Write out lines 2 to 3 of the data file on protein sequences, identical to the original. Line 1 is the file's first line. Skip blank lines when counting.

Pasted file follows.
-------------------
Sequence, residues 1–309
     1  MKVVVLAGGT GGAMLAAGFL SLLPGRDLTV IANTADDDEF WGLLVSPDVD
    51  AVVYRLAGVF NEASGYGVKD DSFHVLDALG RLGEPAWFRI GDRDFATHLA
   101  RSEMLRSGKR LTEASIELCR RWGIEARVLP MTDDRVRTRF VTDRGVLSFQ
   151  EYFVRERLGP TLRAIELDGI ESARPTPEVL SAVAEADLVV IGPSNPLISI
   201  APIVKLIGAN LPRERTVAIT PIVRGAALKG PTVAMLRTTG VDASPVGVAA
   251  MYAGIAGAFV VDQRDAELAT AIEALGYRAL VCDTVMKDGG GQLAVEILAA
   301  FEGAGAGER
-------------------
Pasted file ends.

     1  MKVVVLAGGT GGAMLAAGFL SLLPGRDLTV IANTADDDEF WGLLVSPDVD
    51  AVVYRLAGVF NEASGYGVKD DSFHVLDALG RLGEPAWFRI GDRDFATHLA